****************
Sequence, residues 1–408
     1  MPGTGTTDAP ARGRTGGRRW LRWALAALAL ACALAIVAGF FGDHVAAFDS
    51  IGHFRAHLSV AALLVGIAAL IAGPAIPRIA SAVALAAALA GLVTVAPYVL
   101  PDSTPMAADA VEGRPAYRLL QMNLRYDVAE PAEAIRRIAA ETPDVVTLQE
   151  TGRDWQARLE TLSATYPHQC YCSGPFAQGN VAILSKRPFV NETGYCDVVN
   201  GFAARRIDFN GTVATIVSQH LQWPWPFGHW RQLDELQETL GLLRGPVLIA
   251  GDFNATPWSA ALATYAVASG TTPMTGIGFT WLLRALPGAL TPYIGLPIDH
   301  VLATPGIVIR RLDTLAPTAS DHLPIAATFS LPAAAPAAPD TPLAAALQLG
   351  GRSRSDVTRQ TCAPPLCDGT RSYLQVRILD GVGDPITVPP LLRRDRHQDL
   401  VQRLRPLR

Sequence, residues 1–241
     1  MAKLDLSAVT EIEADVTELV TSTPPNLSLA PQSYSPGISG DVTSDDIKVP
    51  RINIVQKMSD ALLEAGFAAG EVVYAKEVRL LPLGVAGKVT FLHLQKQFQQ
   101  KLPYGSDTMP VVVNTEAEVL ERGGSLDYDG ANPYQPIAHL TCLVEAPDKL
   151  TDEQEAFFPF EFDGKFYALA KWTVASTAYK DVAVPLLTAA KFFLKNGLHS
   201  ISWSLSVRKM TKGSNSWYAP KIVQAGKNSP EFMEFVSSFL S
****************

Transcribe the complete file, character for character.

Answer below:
Sequence, residues 1–408
     1  MPGTGTTDAP ARGRTGGRRW LRWALAALAL ACALAIVAGF FGDHVAAFDS
    51  IGHFRAHLSV AALLVGIAAL IAGPAIPRIA SAVALAAALA GLVTVAPYVL
   101  PDSTPMAADA VEGRPAYRLL QMNLRYDVAE PAEAIRRIAA ETPDVVTLQE
   151  TGRDWQARLE TLSATYPHQC YCSGPFAQGN VAILSKRPFV NETGYCDVVN
   201  GFAARRIDFN GTVATIVSQH LQWPWPFGHW RQLDELQETL GLLRGPVLIA
   251  GDFNATPWSA ALATYAVASG TTPMTGIGFT WLLRALPGAL TPYIGLPIDH
   301  VLATPGIVIR RLDTLAPTAS DHLPIAATFS LPAAAPAAPD TPLAAALQLG
   351  GRSRSDVTRQ TCAPPLCDGT RSYLQVRILD GVGDPITVPP LLRRDRHQDL
   401  VQRLRPLR

Sequence, residues 1–241
     1  MAKLDLSAVT EIEADVTELV TSTPPNLSLA PQSYSPGISG DVTSDDIKVP
    51  RINIVQKMSD ALLEAGFAAG EVVYAKEVRL LPLGVAGKVT FLHLQKQFQQ
   101  KLPYGSDTMP VVVNTEAEVL ERGGSLDYDG ANPYQPIAHL TCLVEAPDKL
   151  TDEQEAFFPF EFDGKFYALA KWTVASTAYK DVAVPLLTAA KFFLKNGLHS
   201  ISWSLSVRKM TKGSNSWYAP KIVQAGKNSP EFMEFVSSFL S